Tuesday, March 10

A beginning, A Middle, and an End



I’m learning to knit. So what does that have to do with writing? I’ll make it work, I promise, but first let me tell you about the whole knitting thing. 

I’m not at all crafty—anyone who knows me well will tell you that I’m hopeless when it comes to sewing or needlework or artsy-fartsy stuff of any kind. My friend Connie tried to teach me to knit several years ago (back about 2009), but it was a disaster. Not only because I’m left-handed and she’s not, but also because I truly didn’t care enough to do it. My mind was elsewhere and I couldn’t figure out what the big thrill was about knitting. 

Fast-forward to November 2014—life was rough. I’d lost a dear friend to a tragic death; I was going to chemo with my sweet pal, Dee; I was trying to spend as much time as I could with my sister, Kathi, who was suffering terribly with her own cancer; and then my precious Connie was diagnosed with breast cancer. Truly, I felt as though I’d been sucker-punched in the solar plexus by life …and death. Things were grim and I was trying to find some Zen—something I could do that would help still my racing thoughts and aching heart.

Connie suggested I try knitting again, so I dragged Husband to Hobby Lobby and we got bamboo knitting needles, some nice bulky wool yarn, and a book about how to knit a scarf. Still doubting how this could possibly help me, I got on YouTube and found a how-to-knit video for lefties. A quick plug for YouTube here—seriously, you can find instructions on anything there! I watched it and watched it and watched it and finally took up my needles and began.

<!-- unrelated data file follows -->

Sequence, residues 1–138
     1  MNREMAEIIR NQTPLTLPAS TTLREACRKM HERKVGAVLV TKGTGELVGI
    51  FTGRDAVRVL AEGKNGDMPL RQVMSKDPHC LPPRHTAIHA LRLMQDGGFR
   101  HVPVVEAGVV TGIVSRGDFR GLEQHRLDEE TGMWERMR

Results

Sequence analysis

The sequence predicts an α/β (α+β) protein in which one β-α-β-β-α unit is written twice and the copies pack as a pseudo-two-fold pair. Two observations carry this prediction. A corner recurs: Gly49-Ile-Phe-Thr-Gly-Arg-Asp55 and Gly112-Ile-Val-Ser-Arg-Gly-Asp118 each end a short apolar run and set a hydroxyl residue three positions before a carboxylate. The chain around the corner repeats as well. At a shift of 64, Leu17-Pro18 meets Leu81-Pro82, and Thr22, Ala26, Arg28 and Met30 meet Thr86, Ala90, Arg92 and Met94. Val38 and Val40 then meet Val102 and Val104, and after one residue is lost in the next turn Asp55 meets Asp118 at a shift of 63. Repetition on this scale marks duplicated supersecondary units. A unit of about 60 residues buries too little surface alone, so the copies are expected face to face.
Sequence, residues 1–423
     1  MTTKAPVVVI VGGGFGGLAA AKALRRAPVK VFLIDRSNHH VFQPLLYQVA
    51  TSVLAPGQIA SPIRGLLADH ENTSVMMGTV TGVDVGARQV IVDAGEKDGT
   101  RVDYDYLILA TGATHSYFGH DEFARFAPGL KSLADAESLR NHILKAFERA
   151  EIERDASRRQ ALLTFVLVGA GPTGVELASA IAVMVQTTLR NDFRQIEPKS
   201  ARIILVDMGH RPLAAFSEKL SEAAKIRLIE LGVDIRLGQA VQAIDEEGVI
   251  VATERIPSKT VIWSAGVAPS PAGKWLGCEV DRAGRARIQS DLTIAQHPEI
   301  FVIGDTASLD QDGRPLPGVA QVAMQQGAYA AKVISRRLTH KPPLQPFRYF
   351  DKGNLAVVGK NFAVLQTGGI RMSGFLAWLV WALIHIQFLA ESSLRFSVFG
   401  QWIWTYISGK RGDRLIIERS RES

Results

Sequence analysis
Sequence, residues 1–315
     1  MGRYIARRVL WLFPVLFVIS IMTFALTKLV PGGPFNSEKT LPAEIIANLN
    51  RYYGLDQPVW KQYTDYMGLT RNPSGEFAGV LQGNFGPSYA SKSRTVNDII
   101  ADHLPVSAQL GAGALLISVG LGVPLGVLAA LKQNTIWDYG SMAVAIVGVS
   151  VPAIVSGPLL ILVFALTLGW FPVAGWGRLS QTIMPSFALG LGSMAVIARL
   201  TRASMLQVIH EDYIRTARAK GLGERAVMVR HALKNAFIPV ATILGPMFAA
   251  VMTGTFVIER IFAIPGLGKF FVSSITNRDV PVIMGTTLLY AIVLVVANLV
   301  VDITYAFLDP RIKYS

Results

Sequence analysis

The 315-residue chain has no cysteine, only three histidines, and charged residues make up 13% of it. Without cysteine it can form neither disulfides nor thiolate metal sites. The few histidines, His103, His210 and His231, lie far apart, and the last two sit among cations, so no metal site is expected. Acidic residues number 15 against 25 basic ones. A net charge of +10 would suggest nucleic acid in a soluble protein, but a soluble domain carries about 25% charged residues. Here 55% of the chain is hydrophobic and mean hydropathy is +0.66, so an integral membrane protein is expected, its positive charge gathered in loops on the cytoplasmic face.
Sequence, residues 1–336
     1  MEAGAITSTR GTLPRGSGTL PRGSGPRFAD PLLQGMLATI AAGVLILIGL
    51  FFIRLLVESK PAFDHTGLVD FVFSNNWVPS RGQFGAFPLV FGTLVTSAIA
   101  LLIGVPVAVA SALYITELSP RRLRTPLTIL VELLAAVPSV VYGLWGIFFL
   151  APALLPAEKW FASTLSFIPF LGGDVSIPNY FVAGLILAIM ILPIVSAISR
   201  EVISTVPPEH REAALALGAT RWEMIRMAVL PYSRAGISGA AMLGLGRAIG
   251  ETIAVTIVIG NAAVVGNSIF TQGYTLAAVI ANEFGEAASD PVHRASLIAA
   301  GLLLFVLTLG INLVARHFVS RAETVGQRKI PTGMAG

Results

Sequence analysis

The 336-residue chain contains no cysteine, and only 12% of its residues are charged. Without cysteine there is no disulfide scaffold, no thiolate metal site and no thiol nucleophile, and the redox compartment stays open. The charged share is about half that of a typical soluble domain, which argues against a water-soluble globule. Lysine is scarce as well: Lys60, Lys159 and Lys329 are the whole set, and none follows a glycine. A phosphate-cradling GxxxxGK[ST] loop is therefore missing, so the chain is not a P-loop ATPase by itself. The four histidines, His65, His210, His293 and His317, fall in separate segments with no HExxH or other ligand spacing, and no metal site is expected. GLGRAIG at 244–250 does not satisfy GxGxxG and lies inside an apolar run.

I confess, I knitted, screwed up, tore out, and began again probably about a dozen times before I finally managed to make an entire winter scarf for Husband. He loves it, claims it’s the warmest scarf he’s ever owned, and wears it whenever he goes out. What a great, supportive guy, huh? Since then, I’ve managed to make several scarves and a bunch of cotton dishcloths, and I've learned several new stitches and patterns. I actually knitted an entire baby blanket for Dee’s new granddaughter, Stella Fay. 

Best of all, I found the peace I was looking for—the moments of Zen that got me through Kathi’s passing in December, Connie’s surgery that same month (she’s doing great, by the way!), and Dee’s chemo days, which have suddenly turned into a knitting circle, where our mutual friends come for fellowship, laughs, and a little needlework. Knitting allows me the grace of mindlessness in those moments when the anguish of missing my sister becomes so unbearable I can hardly breathe. Knitting eases my mind and brings peace to my soul when I'm  worrying about Dee or Connie or Son or Grandboy or any of the people it's my job to worry about.